EU Commission Kicks the Can on Online Gaming
Publication of the EU regulatory plan for online gaming has been delayed. The plan was due to be published on September 26, but is now not expected until some time in October.
Backed by Michel Barnier, the Internal Market and Services commissioner, the plan is expected to propose a lighter regulatory framework than countries such as France, Italy, Spain and Belgium have implemented.
In his speech announcing the forthcoming plan back in June he also said that he was reopening investigations into breaches of the EU Services Directive by those countries which have enacted restrictive gaming regulations.
France’s state regulator ARJEL has already bowed to EU pressure after it changed its regulations to allow any player with an EU bank account to play on regulated sites, not just those with a French identity card.
The countries which have state regulators are some of the largest and most influential in the EU and although they are all legally bound by the Services Directive there has been little political appetite for taking enforcement action. The EU commissioners who would have to approve such action are in many cases former politicians from the countries which would be affected.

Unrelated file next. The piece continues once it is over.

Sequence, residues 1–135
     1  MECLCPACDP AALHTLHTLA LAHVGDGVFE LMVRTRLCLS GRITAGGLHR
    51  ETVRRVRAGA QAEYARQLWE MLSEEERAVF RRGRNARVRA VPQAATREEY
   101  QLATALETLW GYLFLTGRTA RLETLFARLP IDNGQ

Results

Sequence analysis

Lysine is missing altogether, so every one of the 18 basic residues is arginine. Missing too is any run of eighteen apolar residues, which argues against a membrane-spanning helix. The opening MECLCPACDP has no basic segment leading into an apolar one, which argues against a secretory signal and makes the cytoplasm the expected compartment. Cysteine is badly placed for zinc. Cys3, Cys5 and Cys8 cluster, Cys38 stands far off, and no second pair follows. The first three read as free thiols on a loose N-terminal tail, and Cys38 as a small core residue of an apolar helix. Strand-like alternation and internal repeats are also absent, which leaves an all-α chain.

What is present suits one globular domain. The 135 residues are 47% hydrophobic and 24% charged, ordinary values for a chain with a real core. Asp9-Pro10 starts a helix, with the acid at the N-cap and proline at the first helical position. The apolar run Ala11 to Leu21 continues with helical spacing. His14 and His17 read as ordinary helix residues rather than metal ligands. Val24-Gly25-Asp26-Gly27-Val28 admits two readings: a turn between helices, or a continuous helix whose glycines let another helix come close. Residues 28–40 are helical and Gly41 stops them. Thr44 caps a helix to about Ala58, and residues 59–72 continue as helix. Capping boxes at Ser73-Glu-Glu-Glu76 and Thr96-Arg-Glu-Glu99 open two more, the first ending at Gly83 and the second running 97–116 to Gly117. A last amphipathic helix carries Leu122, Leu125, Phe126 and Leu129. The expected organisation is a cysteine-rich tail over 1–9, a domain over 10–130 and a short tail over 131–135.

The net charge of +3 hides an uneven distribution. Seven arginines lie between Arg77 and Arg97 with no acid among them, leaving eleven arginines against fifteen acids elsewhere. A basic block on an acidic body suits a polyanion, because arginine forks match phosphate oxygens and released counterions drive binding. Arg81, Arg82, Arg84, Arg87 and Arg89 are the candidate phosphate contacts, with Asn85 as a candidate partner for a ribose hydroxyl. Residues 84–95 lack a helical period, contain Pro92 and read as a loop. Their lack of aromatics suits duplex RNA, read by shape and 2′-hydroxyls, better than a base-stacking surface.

The European Gaming and Betting Association, a trade organization drawing its members from online gaming providers has accused the Commission of “failing in its role as guardian of the treaties.”
A number of their members have launched legal actions against individual states whose regulations are claimed to breach the treaties, but these must be heard by the European Court of Justice. Cases can only be referred to the European Court by national courts, which means the process is extremely long.
Michel Barnier’s public statements do show a strong commitment to a single regulatory framework for online gaming across the EU, but he is up against strong national political opposition that suggests that any implementation will be a long time coming.